It was me. I caved. I was getting sick of financial problems; sick of the constant worry; sick of the company policies; sick of the people I worked with; and by extension I was sick of Asia. In one of the worst decisions I ever made I decided it was time to go back to my home country. Where are the psychologists when you need them?

I started to look for work "back home" and found a contracting opportunity. I had to set up my own company and contract my services to a big organisation but the money was attractive and I figured it was a golden opportunity — both for me personally and to show Peter & Paul their homeland. By this time I felt they were culturally unaware of their origins and they should know about their other country (as they have two passports and already lived in Thailand).

I left my family in Bangkok and went "home". I had a six month contract but that short period wasn't a problem because it would be extended. Wrong. At the end of six months they said "Gee, Ian, your work is great. We really like you. But the work you're doing is being moved to a large company as part of a big contract with them and unfortunately we don't have anything else for you right now." In an ironic twist my work was transitioned to the same multinational company I just left. It meant I had to go out and find other work for my little contracting company. Did I mention I'm a lousy salesman?

So here I was without work again. And this turned out to be the killer. In the end I was out of work for 18 months; with $10,000 a month of commitments and not a lot of savings to fall back on. At the beginning of this period of unemployment the family hadn't yet joined me from Thailand. I swallowed hard and relocated the family "back home" because even though I didn't have a current contract I was sure I'd get one. Perhaps I have a streak of optimism in me that isn't completely justified.

I networked, I strained, I suffered for 18 long, hard months before I found a new role. My relationship with Dawn was more and more difficult. She felt it was my job to support the family. She'd warned me in the US that she wouldn't accept another period with no income. And here it was — it had happened again. Oh dear. And when I finally found work it meant another relocation with Peter & Paul changing schools again. Oh dear, oh dear. At least they were in the state school system in my home country so there were no expensive school fees to pay. But they complained they were falling behind because the curriculum in both of the schools was just a rehash of what they'd already learned at the international school in Bangkok. Oh dear, oh dear, oh dear. And to make it worse this is the first time Dawn had to deal with my family. Oh dear x4.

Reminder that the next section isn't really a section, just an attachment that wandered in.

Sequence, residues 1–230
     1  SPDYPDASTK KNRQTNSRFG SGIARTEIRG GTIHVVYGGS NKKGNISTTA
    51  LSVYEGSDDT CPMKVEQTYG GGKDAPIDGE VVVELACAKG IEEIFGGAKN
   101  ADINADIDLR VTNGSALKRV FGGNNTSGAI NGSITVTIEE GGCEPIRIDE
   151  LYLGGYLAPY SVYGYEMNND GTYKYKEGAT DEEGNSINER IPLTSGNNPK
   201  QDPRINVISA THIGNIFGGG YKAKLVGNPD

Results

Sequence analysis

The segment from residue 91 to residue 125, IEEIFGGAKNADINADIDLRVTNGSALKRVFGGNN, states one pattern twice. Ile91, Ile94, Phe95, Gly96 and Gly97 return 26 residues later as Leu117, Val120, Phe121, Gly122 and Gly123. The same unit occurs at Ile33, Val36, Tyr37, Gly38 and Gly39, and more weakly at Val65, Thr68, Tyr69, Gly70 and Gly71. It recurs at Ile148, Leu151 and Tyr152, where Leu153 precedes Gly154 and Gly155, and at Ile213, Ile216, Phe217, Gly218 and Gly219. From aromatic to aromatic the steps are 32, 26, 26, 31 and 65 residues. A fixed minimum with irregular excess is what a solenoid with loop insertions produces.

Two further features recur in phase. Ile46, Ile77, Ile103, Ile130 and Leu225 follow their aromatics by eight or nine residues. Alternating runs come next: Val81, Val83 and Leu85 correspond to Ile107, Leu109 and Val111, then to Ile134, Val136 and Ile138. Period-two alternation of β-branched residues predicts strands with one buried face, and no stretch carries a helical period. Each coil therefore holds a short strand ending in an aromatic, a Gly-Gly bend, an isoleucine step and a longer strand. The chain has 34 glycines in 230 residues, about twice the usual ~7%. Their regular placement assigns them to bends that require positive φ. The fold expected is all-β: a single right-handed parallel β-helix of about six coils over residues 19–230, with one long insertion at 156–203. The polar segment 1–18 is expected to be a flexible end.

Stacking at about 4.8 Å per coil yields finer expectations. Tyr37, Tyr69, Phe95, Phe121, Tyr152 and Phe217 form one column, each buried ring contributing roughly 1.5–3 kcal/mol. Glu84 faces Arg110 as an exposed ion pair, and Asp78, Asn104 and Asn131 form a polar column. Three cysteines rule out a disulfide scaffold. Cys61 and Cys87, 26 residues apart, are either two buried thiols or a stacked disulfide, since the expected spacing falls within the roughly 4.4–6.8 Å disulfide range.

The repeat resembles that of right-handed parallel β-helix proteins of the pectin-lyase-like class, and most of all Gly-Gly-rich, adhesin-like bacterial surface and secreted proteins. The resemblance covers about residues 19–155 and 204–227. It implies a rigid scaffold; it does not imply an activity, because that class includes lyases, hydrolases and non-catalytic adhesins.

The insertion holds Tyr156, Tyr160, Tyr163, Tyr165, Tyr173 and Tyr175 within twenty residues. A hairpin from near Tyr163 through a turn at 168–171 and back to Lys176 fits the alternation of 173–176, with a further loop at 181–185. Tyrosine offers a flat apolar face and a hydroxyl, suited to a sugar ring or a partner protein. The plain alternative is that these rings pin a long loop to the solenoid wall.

My father is a crusty old bugger. It's hard to believe considering I'm so nice; the acorn fell far from the tree on that one. My father says what he wants, when he wants, how he wants and anyone who doesn't like it can be damned. Dawn took a good look at him, a good look at me and decided that perhaps the acorn hadn't fallen as far from the tree as she wanted. I think this was the final straw for her and it's when she started to actively plan her strategy to get out. She just had to get that passport first.

And that's a wrap for this part of the story. Dawn's culture says it's the husband's responsibility to provide for the family. She even warned me of the consequences of not having an income. Every time, in fact every month, I was unemployed it eroded her confidence in me. Every time I found a new job it meant a significant relocation; you can look at that as a positive (new life, new country) or a negative (changing schools and finding a new support network). Maybe everything would have been OK if I'd kept my job. I outlaid a fortune to keep the family going when I had no work which left me in a dire financial position. I lost my job(s), I lost my savings and in the end I lost my wife, too.

Part 3, titled Her Point of View, will follow soon …